Upstream eventdemethylation, PPARg promoter
Decrease, Aromatase (Cyp19a1)
Key Event Relationship Overview
AOPs Referencing Relationship
Life Stage Applicability
Key Event Relationship Description
This KER establishes the link between PPAR activation and levels of aromatase. Aromatase is a key enzyme in steroidogenesis, catalysing the conversion of androgens to estrogens.
Evidence Supporting this KER
Peroxisome proliferator-activated receptors (PPARs) are master switches of lipid metabolism and cell differentiation, their role was also acknowledge in regulation of reproductive function and development [reviewed by (Froment et al., 2006)]. In particular PPARγ was found to be critically involved in follicular development, ovulation, maintenance of corpus luteum during pregnancy, and maturation and function of placenta (Barak et al., 1999). The PPARs are implicated in regulation of steroidogenesis in vitro [reviewed by (Carolyn M Komar, 2005)]. The PPARγ is activated upon the ligand binding in granulosa cells, and then indirectly alters the expression of aromatase, rate-limiting enzyme in conversion of androgens to estrogenes (Richards, 1980) and other enzymes involved in steroidogenesis (Dupont, Chabrolle, Ramé, Tosca, & Coyral-Castel, 2008). Moreover there is evidence of implication of another isoform of PPAR in the effect on aromatase, the PPARα (Lovekamp-Swan, Jetten, & Davis, 2003).
In the ovary all PPAR isoforms have been detected in both human and rodent ovary (Braissant, Foufelle, Scotto, Dauça, & Wahli, 1996), (C M Komar, Braissant, Wahli, & Curry, 2001), (Lambe & Tugwood, 1996) reviewed (Carolyn M Komar, 2005). In female rats the PPAR was detected in estradiol producing cells and is involved in the regulation of fertility:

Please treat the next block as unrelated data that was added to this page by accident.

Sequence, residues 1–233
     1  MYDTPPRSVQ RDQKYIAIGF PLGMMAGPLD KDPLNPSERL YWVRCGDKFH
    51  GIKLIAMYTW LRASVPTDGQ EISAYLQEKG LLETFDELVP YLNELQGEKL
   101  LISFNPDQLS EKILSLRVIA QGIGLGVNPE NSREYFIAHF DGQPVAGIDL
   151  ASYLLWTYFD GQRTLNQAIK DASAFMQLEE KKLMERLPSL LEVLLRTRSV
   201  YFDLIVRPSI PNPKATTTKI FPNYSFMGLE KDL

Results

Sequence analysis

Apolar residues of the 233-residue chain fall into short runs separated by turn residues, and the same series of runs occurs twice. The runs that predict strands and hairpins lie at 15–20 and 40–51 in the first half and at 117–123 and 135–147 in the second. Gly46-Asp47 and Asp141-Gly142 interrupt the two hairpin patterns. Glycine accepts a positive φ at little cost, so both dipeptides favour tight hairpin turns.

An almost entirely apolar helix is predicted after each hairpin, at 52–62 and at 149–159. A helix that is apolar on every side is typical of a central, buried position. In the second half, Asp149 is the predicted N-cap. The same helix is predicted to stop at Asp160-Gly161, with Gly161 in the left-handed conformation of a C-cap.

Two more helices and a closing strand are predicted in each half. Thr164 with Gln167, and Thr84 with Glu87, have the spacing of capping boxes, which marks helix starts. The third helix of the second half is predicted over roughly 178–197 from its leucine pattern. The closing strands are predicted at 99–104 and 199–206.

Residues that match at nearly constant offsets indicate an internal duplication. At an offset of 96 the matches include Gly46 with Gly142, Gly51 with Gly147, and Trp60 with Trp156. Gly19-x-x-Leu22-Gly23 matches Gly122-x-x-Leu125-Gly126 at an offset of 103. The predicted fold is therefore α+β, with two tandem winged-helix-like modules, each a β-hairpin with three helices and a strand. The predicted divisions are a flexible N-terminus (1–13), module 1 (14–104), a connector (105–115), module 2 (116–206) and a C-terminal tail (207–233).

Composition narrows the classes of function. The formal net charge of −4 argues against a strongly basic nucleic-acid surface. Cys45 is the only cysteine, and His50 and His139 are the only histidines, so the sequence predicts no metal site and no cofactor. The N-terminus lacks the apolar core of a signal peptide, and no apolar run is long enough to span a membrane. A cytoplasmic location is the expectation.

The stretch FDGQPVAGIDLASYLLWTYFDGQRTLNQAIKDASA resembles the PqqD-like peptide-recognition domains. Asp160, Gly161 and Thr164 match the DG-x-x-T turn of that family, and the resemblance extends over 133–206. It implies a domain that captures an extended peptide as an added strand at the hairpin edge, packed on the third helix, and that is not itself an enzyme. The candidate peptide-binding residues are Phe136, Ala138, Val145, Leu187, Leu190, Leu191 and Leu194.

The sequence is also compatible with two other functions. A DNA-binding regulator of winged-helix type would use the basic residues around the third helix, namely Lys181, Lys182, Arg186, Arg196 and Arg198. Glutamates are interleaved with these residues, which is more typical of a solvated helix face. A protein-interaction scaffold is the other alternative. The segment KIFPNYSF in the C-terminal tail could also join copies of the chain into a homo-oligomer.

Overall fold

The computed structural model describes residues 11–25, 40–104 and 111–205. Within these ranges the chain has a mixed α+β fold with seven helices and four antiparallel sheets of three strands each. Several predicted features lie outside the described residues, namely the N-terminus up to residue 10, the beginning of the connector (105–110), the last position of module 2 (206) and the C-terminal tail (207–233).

• PPARγ is primarily expressed in the granulosa cells and preovulatory follicles, less strongly expressed in the theca cells and in corpus luteum where it increases after ovulation (its expression falls after the LH surge ) (C M Komar et al., 2001). However, in the absence of fertilization or embryo implantation, PPARγ expression decreases as a result of corpus luteum regression (Viergutz, Loehrke, Poehland, Becker, & Kanitz, 2000). • PPARγ directly involved in oocyte maturation and ovulation [reviewed by (Froment et al., 2006)]. • PPAR α is found primarily in the theca and stroma, the expression of PPARα in granulosa cells is very low [reviewed by (Carolyn M Komar, 2005)] The precise molecular mechanism by which PPAR regulates aromatase is unclear given the fact that the proximal promoter regulating aromatase expression in the rat ovary does not contain an obvious peroxisome proliferator response element (PPRE) (Young & McPhaul, 1997). There are plausible ways in which the PPARγ could modify the transcript of aromatase, as transcriptionally active PPAR:RXR heterodimer, this includes: competition for binding sites on DNA and competition for limiting co-activators required for gene transcription. Previous studies show that both PPARγ and RXR ligands alone suppress aromatase activity in human granulosa cells, and combined treatment causes a greater reduction than either compound alone (Mu et al., 2000). The ovarian aromatase promoter contains one half of a PPRE, which is the binding site for steroidogenic factor 1 (SF-1) (Young & McPhaul, 1997). While it is unknown whether PPAR can compete for binding on an incomplete response element, disruption of SF-1 binding to this half site would disrupt normal aromatase transcription. Studies by (S. Plummer, Sharpe, Hallmark, Mahood, & Elcombe, 2007), (S. M. Plummer et al., 2013) showed that PPARα and SF1 share a common coactivator, CREB-binding protein (CBP), which is present in limiting concentrations (McCampbell, 2000). Binding of CBP to PPARα could therefore starve SF1 of a cofactor essential for its transactivation functions. Another possibility is that PPAR is able to modify protein–protein interactions involved in the transcription of aromatase. Activation of PPAR may recruit cofactors away from aromatase to inhibit normal transcription. Further study is necessary to determine how PPAR regulates aromatase transcription.